Saturday 20th August 2016
The sky was dark and heavy with clouds, the air enveloping us was totally windless, thick and damp, the water was a dark green mirror, Raya drifted aimlessly around her anchor chain, nothing else moved. It felt strangly like we existed within a bubble that had been dropped into a world that had stopped. We were anchored off Aisea beach, deep inside another of Vava’u’s convoluted inlets, we were the only boat. The quiet stillness continued into the evening and then suddenly the wind picked up, a cloud opened and the rain came down, the world outside had started up again.
Sailing around these islands with their associated coral reefs in bad light is not a good idea, so Tuesday we grabbed a brief thinning of the clouds to move from Port Maurelle a few miles around the corner for a change of view. I’m sure the view at Aisea Beach is normally beautiful, as I’m sure is the rest of Tonga but we unfortunately have had only short glimpses of this pacific paradise with the sun shining.
It is now Saturday and the rain is still tipping down. We thank our lucky stars that we are not just here on holiday, there has been little sunshine for two weeks, just rain and more rain. At least we have not be feeling up to doing very much, yes of course, I caught the cold too.
We did have one day of nice weather, keen to get off the boat despite feeling a bit fragile, we took the dingy out to snorkel and explore the cliffs around the area. The geology here results in amazing shoreline features, Vava’u is comprised of 60 low lying coral limestone islands, that sit on volcanic bedrock. Most of the shore is formed of steep wooded cliff faces that plunge straight down into the sea making for deep coastal waters, where there are no reefs it is often 50m deep right up to the shore. As the sea erodes the relatively soft limestone, over millennia a notch has appeared that runs all around the islands, it is punctuated with caves some of which run far under the cliffs. Close up the rock is heavily pitted and looks quite soft but is actually razor sharp, as we discovered trying to investigate under one of the many ledges, ouch!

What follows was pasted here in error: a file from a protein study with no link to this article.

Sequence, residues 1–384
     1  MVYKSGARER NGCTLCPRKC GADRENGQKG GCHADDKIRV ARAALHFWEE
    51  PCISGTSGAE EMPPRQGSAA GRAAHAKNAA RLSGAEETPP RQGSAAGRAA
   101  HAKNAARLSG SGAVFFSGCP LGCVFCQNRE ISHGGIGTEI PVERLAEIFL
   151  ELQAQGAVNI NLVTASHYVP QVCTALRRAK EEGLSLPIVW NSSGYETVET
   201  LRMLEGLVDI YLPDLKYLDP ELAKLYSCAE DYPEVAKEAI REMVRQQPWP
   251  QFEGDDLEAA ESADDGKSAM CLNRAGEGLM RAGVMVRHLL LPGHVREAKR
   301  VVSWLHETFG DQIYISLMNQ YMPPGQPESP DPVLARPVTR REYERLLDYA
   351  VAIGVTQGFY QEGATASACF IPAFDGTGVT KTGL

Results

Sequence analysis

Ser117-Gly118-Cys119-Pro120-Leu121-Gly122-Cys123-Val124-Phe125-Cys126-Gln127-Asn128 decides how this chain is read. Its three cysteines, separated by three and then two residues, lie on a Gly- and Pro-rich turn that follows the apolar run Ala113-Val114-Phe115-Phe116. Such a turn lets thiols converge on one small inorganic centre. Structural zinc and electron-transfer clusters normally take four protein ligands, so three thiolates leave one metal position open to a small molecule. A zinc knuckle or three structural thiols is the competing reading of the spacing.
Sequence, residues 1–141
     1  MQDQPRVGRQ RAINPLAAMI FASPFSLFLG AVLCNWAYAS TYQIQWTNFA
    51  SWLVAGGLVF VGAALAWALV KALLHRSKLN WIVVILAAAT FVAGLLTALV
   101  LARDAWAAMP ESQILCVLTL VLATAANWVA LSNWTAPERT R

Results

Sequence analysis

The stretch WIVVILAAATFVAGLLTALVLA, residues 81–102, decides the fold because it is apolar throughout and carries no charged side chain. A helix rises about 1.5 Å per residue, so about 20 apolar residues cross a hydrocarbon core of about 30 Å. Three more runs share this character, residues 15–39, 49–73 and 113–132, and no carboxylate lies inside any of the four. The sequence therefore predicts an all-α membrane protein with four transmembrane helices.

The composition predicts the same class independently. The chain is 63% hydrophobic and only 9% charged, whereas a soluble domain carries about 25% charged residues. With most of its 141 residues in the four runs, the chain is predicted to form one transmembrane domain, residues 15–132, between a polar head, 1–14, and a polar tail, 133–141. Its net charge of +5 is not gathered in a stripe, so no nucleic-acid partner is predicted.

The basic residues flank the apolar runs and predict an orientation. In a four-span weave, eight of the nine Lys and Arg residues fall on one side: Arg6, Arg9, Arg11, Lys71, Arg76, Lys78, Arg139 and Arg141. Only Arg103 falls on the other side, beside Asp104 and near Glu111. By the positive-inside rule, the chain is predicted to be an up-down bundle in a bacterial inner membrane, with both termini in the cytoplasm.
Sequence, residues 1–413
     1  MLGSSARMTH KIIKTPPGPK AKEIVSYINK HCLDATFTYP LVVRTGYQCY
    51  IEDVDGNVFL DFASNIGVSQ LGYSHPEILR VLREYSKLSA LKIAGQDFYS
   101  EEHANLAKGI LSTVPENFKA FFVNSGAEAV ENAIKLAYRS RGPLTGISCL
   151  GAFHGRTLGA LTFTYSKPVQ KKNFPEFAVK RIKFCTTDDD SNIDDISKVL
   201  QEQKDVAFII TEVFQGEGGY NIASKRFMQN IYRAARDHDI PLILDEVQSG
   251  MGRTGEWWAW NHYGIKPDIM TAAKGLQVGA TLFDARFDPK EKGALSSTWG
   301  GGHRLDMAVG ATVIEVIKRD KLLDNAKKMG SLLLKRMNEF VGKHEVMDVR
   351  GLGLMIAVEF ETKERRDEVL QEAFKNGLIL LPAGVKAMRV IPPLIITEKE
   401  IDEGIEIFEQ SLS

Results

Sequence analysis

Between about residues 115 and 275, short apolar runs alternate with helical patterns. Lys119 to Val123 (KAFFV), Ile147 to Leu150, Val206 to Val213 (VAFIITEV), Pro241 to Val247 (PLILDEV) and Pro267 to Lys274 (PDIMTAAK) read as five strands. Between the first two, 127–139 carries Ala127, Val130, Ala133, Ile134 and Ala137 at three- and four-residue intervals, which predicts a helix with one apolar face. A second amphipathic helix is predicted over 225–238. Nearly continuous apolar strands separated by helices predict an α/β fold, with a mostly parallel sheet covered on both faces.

Looking up through the woodland we spotted a colony of fruit bats hanging from the trees above us. Each bat is a good foot long with a much larger wing span, when flying they are rather spectacular and live up to their common name of flying foxes. Asleep however they resemble bits of decaying leather tangled in the branches. On the rocks were a pair of white Black Naped Terns. We must have been a little too near to thier nest as they squawked loudly flapping their wings at us, refusing to move from their spot while we past by. Terns of various varieties have been entertaining us since we arrived in Polynesia, their flight is extremely graceful and often performed in perfect formation with a second or third bird. With no sign of a let up in the weather we returned to Neiafu, using the rainy days to stock back up with fresh food, so we can spend the sunny days that must arrive soon out at the more remote islands. We also went to immigration and extended our visa for a further two months which will take us to the end of October and our departure for New Zealand.
Bumping into friends we were persuaded to join them at the Thursday night quiz at the Bounty Bar, with considerable help from the two youngsters off the catamaran Do Over, our team was victorious. Our prize made us feel as if we were in the tropics even if the weather didn’t, free rum punches all round.